Relativistic Quantum Information
This talk analyzes the limits that quantum mechanics imposes on the
accuracy to which spacetime geometry can be measured. By applying the
fundamental physical bounds to measurement accuracy ensembles of clocks
and signals, as in the global positioning system, I present a covariant
version of the quantum geometric limit, which states that the total
number of ticks of clocks and clicks of detectors that can be contained
in a four volume of spacetime of radius R and temporal extent is less
The bridge between continuous information and discrete information is provided by sampling theory. In this talk, I will discuss an application of covariant sampling theory to cosmology (see the previous talk by Dr. R. Martin). In cosmology, the two-point correlation function of a quantum field is of central importance because it is a measure of the size of the fluctuations of the quantum field and of the entanglement of the vacuum in a given spacetime. Furthermore, the two-point function is experimentally accessible through the cosmic microwave background.
A covariant ultra-violet cutoff on the modes of physical fields on a given space-time can be achieved by cutting off the spectrum of the D'Alembertian of the manifold. This cutoff is a natural generalization of the naive ultra-violet cutoff inEuclidean space which is obtained by simply projecting out frequencies greater in magnitude than a given maximum frequency. Here it is shown that for flat spacetime and expanding FRW spacetimes thiscutoff manifests itself as a decrease in temporal degrees of freedom for large spatial modes.
We show that entanglement harvested from a quantum field
by interaction with local detectors undergoing anti-parallel acceleration can
be used to measure the distance of closest approach between the two detectors.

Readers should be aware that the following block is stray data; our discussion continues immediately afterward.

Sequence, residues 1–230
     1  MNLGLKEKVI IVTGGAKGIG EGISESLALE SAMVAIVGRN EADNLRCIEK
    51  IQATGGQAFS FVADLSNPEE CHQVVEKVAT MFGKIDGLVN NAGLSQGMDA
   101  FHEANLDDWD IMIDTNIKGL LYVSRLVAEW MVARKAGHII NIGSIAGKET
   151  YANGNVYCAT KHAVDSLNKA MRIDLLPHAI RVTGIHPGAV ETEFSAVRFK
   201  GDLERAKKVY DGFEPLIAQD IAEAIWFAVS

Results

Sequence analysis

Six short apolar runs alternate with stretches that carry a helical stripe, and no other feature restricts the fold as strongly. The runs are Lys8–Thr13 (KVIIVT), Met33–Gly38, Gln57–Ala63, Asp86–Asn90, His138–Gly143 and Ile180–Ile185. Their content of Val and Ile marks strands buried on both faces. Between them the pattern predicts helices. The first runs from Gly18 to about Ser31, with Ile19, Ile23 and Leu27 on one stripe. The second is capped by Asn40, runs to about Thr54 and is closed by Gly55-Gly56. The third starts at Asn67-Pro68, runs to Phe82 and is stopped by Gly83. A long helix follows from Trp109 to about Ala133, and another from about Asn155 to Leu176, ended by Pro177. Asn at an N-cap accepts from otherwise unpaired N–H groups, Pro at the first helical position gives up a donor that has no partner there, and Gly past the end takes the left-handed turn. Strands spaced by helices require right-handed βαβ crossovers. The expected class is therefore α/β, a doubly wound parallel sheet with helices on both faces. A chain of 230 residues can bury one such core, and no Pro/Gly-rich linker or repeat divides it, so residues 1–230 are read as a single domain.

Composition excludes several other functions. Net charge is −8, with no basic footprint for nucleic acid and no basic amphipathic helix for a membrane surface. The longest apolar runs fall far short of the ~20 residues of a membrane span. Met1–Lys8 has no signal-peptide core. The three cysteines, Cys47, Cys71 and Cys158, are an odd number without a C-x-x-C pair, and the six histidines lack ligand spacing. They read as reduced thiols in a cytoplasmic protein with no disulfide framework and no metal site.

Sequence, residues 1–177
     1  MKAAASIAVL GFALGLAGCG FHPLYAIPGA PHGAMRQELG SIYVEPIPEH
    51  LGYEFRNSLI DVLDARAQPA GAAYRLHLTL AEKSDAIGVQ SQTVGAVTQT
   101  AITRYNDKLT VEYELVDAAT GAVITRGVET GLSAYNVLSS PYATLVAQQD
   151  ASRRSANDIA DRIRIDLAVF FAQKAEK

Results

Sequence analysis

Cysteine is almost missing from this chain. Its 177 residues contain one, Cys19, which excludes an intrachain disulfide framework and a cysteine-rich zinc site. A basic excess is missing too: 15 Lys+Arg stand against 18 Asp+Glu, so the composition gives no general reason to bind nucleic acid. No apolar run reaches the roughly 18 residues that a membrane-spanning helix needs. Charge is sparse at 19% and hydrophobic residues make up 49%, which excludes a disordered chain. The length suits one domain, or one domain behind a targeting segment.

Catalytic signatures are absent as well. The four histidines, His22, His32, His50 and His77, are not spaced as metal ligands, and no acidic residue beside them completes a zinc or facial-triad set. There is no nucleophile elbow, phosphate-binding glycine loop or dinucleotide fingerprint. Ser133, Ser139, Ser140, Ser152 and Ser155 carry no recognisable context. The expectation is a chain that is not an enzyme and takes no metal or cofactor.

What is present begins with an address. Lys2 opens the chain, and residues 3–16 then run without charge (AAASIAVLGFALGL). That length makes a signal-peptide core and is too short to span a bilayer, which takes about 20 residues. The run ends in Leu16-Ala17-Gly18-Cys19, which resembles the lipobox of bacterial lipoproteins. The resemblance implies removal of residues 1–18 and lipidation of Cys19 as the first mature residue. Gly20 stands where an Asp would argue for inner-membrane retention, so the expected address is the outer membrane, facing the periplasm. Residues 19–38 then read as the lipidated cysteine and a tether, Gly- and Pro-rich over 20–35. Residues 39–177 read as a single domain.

Information about the separation is stored nonlocally in the phase of the joint
state of the detectors after the interaction; a single detector alone contains
none. We model the detectors as two-level quantum systems accelerating
uniformly through the Minkowski vacuum
Recently striking connections have been discovered between the research fields of black hole soultions in string theory and the one of entanglement measures in quantum entanglement theory.For the emerging research field the term The Black Hole/Qubit Correspondence has been coined. The basic idea is that wrapping configurations of extended objects in extra dimensions can give rise to interesting realizations of entangled systems and black holes at the same time. The geometry of the extra dimensions and the wrapping type determines the entangled system in question.
Two different branches of theoretical physics, string theory and quantum information theory (QIT), share many of the same features, allowing knowledge on one side to provide new insights on the other. In particular the matching of the classification of stringy black holes and the classification of four-qubit entanglement provides a falsifiable prediction in the field of QIT.
Space offers a very unique
environment for quantum physics experiments at regimes for distance and
velocity not possible on ground. In the recent years there have been a range of
theoretical and experimental studies towards the feasibility of performing
quantum physics and quantum information science experiments in space.
We will explore different results on relativistic quantum information and general relativistic quantum optics whose aim is to provide scenarios where relativistic quantum effects can be experimentally accessible. Traditionally, relativistic quantum information has been far away from the experimental test, but the discipline is close to the transition point where experimental outcomes will soon arise.